Confident that there are not enough votes to remove him from office through an impeachment trial in the Senate, Mr. Trump and his advisers have chosen the path of maximum resistance, calculating that they can put the Democrats on the defensive in a fight that is politically useful for the president.

The decision to assert executive privilege and defy subpoenas across the board suits Mr. Trump’s natural combative instincts and fits the grievance narrative he has adopted by arguing that the establishment is out to get him. The president seems eager to force the hand of Democrats who are investigating him as if they are conducting an impeachment inquiry without actually calling it that and risking any of the political problems that might come with it.

“If it’s an impeachment proceeding, then somebody should call it that,” said Rudolph W. Giuliani, one of the president’s personal lawyers. “If you don’t call their bluff now, they’ll just keep slithering around for four, five, six months.”

Self Portrait

Meanwhile, Rudy is trying to get foreign intervention in elections again and it’s not even subtle. I guess they’re going full throttle on the collusion in open bit since they’ve convinced every one it’s not really a crime so what of it.

President Trump’s personal lawyer, is encouraging Ukraine to wade further into sensitive political issues in the United States, seeking to push the incoming government in Kiev to press ahead with investigations that he hopes will benefit Mr. Trump.

Mr. Giuliani said he plans to travel to Kiev, the Ukrainian capital, in the coming days and wants to meet with the nation’s president-elect to urge him to pursue inquiries that allies of the White House contend could yield new information about two matters of intense interest to Mr. Trump.

One is the origin of the special counsel’s investigation into Russia’s interference in the 2016 election. The other is the involvement of former Vice President Joseph R. Biden Jr.’s son in a gas company owned by a Ukrainian oligarch.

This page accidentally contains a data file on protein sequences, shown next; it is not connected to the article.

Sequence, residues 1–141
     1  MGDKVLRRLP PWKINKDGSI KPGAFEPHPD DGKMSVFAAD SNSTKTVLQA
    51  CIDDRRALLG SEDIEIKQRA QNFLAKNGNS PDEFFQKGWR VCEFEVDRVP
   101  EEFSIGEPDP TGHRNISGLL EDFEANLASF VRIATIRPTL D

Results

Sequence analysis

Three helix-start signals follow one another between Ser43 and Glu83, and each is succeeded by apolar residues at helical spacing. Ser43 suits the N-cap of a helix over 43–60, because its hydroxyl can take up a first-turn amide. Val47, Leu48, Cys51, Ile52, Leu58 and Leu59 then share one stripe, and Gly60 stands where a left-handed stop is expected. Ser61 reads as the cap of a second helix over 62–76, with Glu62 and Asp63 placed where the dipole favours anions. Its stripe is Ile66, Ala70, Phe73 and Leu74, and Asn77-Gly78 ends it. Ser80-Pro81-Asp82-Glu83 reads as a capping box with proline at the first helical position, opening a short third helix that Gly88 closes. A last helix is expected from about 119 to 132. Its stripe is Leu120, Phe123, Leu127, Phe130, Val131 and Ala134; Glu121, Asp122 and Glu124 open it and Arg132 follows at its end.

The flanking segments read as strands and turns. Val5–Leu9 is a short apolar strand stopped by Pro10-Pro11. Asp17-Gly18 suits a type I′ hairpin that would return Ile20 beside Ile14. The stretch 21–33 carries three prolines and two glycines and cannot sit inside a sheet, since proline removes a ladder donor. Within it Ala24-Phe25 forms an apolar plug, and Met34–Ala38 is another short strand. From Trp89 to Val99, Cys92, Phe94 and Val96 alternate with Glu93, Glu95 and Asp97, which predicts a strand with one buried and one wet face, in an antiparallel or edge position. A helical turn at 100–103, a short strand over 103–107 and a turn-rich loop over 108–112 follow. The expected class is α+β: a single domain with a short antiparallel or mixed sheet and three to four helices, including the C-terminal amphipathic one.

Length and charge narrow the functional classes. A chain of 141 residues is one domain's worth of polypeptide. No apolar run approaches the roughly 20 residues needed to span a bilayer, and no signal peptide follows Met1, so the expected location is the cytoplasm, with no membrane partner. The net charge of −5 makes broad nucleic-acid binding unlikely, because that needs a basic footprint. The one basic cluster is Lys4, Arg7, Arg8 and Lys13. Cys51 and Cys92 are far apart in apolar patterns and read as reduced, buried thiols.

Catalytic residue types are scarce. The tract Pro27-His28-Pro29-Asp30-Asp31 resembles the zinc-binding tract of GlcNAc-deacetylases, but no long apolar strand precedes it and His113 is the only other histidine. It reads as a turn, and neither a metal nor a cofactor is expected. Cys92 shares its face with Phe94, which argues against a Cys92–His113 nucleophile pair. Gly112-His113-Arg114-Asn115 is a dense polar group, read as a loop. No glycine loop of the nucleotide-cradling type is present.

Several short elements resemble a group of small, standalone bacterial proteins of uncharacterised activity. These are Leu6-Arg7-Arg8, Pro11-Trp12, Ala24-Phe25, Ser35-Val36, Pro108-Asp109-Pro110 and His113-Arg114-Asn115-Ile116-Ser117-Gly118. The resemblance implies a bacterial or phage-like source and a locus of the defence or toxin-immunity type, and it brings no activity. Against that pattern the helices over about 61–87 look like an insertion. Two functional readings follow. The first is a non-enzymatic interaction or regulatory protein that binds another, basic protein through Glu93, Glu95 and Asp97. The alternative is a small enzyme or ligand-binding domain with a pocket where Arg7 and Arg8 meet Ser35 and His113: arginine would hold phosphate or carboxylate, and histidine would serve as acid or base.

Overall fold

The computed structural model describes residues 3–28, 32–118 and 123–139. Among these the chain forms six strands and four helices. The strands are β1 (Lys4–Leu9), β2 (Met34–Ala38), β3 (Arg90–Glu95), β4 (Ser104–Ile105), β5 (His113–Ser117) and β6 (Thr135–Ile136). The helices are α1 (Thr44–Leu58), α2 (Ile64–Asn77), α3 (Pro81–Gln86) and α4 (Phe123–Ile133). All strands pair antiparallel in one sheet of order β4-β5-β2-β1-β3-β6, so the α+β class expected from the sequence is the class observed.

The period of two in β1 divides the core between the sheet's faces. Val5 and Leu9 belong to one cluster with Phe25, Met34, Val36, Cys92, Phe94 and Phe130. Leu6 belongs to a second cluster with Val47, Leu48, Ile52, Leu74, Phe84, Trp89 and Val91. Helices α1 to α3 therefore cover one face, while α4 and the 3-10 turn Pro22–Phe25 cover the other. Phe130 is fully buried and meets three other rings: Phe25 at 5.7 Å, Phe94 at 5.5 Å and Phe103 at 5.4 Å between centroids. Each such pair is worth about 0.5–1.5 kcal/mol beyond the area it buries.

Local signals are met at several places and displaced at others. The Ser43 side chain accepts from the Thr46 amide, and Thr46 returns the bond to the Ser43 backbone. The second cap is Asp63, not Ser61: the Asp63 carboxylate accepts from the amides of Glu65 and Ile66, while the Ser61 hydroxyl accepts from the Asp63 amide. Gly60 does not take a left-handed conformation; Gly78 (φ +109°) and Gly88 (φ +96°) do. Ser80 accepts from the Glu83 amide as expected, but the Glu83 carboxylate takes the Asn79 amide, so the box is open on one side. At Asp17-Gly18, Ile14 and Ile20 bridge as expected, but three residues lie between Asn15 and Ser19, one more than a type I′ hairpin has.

Mr. Giuliani’s plans create the remarkable scene of a lawyer for the president of the United States pressing a foreign government to pursue investigations that Mr. Trump’s allies hope could help him in his re-election campaign. And it comes after Mr. Trump spent more than half of his term facing questions about whether his 2016 campaign conspired with a foreign power.

“We’re not meddling in an election, we’re meddling in an investigation, which we have a right to do,” Mr. Giuliani said in an interview on Thursday when asked about the parallel to the special counsel’s inquiry.

“There’s nothing illegal about it,” he said. “Somebody could say it’s improper. And this isn’t foreign policy — I’m asking them to do an investigation that they’re doing already and that other people are telling them to stop. And I’m going to give them reasons why they shouldn’t stop it because that information will be very, very helpful to my client, and may turn out to be helpful to my government.”


So, my electricity just went off and I’m tethering my computer to the hotspot on my phone to get this up in its current state. This should give you enough to chomp on. As you can see, we continue forward in a state of total abnormalcy.

What’s on your blogging and reading list today?